Wireless messaging across carriers

A wireless messaging company creates a way for U.S. cell phone users to send short text messages to each other's wireless devices, even if they have different carriers.

Ben Charny Staff Writer, CNET News.com
Ben Charny
covers Net telephony and the cellular industry.
Ben Charny
3 min read
A wireless messaging company says it has created a way for U.S. cell phone users to send short text messages to each other's wireless devices, regardless of what carrier is providing their service.

The technology from Annapolis, Md.-based TeleCommunication System (TCS) was unleashed just as U.S.-based Verizon Communications and AT&T started offering SMS (short messaging service) to their customers in North America.

SMS is a mixture of instant messages and e-mail received over a wireless device, mostly cell phones. It has taken Europe by storm, where an estimated 1 billion of these types of messages are sent each month. Analysts think its popularity is driven because it's easy to use and there is a 75 percent rate of cell phone penetration in some European countries.

But in the United States, sending a short text message is more complex than just having to enter a phone number, as done in Europe. Instead, U.S. consumers have to know a phone number, the person's carrier, and a complicated domain name. Plus, some phones aren't equipped with the technology to send or receive instant messages.

TCS vice president Tim Zenk said the company isn't pretending to cure all the wireless ills in the United States. But it does make it easier to send a short message between different carriers, which could help fuel the long-awaited wireless boom, he said.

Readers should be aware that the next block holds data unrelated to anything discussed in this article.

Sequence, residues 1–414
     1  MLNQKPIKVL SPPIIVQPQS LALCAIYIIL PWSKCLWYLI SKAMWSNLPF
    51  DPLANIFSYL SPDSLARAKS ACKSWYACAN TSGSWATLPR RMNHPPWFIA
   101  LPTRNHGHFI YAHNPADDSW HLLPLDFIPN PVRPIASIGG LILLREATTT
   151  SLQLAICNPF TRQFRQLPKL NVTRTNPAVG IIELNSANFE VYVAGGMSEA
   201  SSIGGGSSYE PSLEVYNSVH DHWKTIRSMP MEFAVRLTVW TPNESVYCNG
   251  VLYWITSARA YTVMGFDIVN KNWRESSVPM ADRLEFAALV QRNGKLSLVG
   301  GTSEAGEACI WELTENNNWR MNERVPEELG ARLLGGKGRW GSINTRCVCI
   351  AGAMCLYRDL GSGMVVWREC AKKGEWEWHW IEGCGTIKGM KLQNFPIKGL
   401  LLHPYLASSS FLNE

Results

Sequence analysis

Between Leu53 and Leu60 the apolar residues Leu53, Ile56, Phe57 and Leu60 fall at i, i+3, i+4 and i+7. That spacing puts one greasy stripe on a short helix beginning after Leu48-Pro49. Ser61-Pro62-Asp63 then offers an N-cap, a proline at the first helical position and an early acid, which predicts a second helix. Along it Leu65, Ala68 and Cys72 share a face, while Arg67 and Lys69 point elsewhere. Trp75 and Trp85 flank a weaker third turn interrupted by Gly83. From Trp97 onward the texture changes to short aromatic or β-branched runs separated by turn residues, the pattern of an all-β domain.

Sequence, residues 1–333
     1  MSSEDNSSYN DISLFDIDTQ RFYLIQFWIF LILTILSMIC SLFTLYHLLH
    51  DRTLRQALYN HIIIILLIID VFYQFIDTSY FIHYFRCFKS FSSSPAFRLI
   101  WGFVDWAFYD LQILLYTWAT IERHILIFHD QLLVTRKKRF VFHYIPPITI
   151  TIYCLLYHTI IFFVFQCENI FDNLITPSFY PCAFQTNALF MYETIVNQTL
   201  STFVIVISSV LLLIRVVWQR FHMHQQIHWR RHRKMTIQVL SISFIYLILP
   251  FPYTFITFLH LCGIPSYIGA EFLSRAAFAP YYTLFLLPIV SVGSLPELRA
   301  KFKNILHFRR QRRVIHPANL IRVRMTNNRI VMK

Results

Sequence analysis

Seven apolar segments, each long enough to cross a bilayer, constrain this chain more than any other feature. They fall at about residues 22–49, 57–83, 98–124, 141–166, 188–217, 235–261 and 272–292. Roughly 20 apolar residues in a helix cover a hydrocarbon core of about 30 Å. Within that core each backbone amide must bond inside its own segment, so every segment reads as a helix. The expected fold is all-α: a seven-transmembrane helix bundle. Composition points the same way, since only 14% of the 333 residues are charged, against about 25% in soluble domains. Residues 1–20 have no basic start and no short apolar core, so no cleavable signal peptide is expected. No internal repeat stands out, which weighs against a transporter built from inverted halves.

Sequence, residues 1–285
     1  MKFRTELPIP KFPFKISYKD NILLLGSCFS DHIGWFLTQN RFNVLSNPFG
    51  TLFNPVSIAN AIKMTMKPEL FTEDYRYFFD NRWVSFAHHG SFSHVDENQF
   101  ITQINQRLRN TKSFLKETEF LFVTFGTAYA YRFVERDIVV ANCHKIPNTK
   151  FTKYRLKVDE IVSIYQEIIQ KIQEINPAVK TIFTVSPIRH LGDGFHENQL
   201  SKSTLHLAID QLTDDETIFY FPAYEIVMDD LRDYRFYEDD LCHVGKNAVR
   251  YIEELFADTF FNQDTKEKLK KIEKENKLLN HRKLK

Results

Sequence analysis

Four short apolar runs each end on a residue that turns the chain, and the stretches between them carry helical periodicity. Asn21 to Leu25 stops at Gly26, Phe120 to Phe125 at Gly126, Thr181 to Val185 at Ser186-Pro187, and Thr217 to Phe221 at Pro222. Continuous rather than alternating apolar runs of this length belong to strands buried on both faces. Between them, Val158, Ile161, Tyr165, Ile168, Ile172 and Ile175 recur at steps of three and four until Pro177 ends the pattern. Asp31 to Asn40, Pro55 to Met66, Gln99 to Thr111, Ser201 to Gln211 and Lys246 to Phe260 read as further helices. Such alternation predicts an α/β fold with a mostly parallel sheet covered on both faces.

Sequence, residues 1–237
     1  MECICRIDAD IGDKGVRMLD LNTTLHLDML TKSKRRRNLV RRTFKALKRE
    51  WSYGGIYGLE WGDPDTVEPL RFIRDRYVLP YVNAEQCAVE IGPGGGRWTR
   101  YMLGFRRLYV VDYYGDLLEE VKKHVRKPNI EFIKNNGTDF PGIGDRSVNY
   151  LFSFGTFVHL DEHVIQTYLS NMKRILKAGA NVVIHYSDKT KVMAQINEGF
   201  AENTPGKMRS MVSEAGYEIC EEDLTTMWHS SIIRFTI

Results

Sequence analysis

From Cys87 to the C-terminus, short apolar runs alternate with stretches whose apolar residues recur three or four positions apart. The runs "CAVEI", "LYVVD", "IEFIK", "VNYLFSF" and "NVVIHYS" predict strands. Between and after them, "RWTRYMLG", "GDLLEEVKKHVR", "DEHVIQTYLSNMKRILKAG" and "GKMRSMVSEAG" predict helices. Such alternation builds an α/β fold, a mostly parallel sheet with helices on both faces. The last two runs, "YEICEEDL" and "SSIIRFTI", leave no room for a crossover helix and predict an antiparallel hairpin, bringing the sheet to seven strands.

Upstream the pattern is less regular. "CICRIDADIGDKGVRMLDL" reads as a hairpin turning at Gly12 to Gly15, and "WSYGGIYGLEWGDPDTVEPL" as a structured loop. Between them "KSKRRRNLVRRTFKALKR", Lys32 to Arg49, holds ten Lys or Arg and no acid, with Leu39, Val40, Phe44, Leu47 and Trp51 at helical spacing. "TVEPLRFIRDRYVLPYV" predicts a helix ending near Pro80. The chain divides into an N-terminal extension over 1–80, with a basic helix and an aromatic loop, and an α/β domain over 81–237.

The TCS product has received a cautious thumbs-up from a couple of analysts.

"There's a lot of potential for uptake," said Forrester Research analyst Charles Golvin. "But I don't think it alone is what will turn wireless around. There will be no Dick Tracy wrist watch."

The company's technology likely also has a limited lifespan. In Europe, it's unnecessary because there is one cell phone standard, GSM. But in North America, there are at least four, and some carriers have different standards for different customers. Once the United States settles on a standard, TCS's product becomes moot.

"But that isn't going to happen anytime soon," said Becky Derrecks of Cahners In-Stat Group.

TCS is also the first of a number of companies expected to offer American service providers a simpler way for their customers to communicate with each other using SMS.

More than two-thirds of those surveyed by Forrester last year say they would use an SMS service, according to a report authored by Golvin and fellow analyst David M. Cooperstein.

TCS has signed on two different companies working the field in Europe. Both unified messaging company CanBox Systems and Room33 are hoping to expand their businesses in the United States.

CanBox is already offering some service in the United States, allowing European customers the ability to have cross platform, two-way messaging while in the United States. Zenk was unsure how Room33 plans to use the technology.

TCS is also working for Verizon, where it powers the two-way messaging service that Verizon began offering in mid-January, though TCS has yet to sign any deals to offer the new, cross-platform capabilities, Zenk said.

The company has also done business with VoiceStream Wireless and Qwest Communications International, although no deals have been inked yet, Zenk said.